The capacity of cells to maintain proteostasis declines with age, causing rapid accumulation of damaged proteins and protein aggregates, which plays an important role in age-related disease etiology. While our group and others have identified that proteostasis is enhanced in long-lived species, there are no data on whether this leads to better resistance to proteotoxicity. We compared the sensitivity of cells from long- (naked mole rat [NMR]) and short- (Mouse) lived species to proteotoxicity, by measuring the survival of fibroblasts under polyglutamine (polyQ) toxicity, a well-established model of protein aggregation. Additionally, to evaluate the contribution of proteostatic mechanisms to proteotoxicity resistance, we down-regulated a key protein of each mechanism (autophagy-ATG5; ubiquitin-proteasome-PSMD14; and chaperones-HSP27) in NMR fibroblasts. Furthermore, we analyzed the formation and subcellular localization of inclusions in long- and short-lived species. Here, we show that fibroblasts from long-lived species are more resistant to proteotoxicity than their short-lived counterparts. Surprisingly, this does not occur because the NMR cells have less polyQ82 protein aggregates, but rather they have an enhanced capacity to handle misfolded proteins and form protective perinuclear and aggresome-like inclusions. All three proteostatic mechanisms contribute to this resistance to polyQ toxicity but autophagy has the greatest effect. Overall, our data suggest that the resistance to proteotoxicity observed in long-lived species is not due to a lower level of protein aggregates but rather to enhanced handling of the protein aggregates through the formation of aggresome-like inclusions, a well-recognized protective mechanism against proteotoxicty.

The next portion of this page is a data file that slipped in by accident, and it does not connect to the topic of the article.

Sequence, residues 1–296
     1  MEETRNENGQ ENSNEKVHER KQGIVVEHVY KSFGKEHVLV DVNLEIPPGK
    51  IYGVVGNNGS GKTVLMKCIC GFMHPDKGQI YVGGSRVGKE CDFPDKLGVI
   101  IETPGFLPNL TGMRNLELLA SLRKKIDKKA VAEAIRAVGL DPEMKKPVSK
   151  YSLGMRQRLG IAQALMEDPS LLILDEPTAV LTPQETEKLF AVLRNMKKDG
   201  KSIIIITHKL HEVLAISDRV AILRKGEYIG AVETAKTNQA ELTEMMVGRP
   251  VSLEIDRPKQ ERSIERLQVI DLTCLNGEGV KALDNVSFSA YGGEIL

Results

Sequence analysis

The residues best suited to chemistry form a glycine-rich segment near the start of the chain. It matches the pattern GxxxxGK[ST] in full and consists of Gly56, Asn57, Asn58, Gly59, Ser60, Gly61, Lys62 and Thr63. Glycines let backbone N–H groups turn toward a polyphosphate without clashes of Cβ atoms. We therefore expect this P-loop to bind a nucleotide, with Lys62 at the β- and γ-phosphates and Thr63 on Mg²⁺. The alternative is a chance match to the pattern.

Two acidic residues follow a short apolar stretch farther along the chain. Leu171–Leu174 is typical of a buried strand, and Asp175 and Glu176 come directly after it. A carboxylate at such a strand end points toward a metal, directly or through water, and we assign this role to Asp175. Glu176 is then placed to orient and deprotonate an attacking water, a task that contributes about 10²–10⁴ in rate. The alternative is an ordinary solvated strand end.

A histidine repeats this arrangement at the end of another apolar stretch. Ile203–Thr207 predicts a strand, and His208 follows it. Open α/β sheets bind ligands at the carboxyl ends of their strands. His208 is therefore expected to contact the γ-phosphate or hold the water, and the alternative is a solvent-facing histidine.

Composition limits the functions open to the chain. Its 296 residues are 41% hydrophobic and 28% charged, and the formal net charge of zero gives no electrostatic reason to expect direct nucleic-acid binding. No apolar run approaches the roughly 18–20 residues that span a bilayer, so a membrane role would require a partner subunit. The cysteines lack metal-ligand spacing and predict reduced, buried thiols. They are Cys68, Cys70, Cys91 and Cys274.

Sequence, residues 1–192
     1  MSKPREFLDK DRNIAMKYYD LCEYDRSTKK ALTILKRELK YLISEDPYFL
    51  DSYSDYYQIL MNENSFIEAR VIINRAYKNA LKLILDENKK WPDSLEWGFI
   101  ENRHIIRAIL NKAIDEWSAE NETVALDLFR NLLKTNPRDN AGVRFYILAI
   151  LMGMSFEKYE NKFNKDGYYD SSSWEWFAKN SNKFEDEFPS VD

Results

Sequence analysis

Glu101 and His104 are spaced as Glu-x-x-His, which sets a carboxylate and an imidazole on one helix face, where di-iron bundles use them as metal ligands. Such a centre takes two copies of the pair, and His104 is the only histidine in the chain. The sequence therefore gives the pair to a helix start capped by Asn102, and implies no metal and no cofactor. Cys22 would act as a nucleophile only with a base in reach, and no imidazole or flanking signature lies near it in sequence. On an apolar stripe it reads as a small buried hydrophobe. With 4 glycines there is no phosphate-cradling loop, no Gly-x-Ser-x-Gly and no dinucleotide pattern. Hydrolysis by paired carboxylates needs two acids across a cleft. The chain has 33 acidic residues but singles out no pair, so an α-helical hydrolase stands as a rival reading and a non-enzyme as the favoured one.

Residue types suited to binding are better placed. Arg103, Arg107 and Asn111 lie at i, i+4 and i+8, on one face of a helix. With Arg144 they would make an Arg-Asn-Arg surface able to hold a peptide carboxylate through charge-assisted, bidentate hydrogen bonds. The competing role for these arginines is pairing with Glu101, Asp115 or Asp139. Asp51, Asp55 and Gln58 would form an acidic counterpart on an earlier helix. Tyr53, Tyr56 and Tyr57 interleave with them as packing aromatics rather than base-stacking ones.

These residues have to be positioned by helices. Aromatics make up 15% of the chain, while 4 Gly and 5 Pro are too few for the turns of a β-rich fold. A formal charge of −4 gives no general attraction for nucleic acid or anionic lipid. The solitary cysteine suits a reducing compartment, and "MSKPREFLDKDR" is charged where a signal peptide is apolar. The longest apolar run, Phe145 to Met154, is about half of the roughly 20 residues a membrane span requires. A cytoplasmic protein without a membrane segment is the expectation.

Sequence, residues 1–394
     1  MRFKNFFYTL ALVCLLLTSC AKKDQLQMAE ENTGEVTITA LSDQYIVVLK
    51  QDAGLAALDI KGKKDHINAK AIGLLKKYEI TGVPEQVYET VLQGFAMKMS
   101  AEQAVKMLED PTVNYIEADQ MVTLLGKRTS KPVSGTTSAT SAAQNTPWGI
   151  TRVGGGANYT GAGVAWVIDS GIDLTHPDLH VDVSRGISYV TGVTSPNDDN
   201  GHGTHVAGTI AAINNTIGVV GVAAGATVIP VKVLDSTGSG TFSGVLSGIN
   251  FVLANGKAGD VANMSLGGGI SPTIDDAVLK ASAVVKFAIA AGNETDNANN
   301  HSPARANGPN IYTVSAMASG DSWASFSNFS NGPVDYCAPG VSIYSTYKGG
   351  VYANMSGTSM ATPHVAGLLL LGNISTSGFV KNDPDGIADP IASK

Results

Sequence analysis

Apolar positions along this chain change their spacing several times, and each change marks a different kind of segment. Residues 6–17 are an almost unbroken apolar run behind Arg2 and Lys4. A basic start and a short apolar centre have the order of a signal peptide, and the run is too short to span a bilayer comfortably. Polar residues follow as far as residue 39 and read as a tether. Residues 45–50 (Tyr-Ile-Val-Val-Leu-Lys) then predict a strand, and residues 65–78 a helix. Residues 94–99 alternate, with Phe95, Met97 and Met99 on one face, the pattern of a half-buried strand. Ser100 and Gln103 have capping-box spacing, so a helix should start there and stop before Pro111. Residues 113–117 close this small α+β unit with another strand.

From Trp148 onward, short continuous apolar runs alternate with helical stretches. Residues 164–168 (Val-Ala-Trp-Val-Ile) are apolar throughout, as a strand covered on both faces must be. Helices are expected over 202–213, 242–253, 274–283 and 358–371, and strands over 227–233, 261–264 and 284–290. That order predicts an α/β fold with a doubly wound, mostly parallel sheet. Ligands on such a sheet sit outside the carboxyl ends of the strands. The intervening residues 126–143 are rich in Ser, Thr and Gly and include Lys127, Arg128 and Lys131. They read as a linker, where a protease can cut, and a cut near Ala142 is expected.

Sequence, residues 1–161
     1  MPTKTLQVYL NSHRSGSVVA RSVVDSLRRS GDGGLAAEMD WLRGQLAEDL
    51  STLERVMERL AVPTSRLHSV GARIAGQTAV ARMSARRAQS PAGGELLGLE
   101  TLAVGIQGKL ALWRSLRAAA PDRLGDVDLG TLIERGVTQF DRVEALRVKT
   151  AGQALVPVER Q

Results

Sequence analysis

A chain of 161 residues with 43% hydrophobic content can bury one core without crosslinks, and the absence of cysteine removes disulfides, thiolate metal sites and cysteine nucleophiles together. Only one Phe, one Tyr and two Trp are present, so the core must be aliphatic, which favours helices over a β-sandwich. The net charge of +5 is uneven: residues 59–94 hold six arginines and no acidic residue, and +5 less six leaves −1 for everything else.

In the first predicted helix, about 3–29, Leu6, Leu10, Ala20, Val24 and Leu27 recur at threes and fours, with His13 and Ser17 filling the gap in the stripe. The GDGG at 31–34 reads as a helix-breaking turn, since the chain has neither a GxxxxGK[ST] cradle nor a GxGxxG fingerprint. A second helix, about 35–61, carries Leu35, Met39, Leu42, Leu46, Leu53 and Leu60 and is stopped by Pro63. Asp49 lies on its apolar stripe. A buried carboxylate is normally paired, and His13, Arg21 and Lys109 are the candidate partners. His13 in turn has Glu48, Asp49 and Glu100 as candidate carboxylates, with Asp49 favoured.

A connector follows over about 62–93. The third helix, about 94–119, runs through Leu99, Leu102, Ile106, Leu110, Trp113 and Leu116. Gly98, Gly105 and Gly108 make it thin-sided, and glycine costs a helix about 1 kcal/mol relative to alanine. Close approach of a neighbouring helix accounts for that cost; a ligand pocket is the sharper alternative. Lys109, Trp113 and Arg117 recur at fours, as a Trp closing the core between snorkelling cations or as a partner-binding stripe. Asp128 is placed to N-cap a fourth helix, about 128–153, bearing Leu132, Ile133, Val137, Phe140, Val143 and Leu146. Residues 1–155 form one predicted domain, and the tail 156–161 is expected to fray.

Keywords: Proteotoxicity; Aggresomes-like inclusions; Long-lived species.
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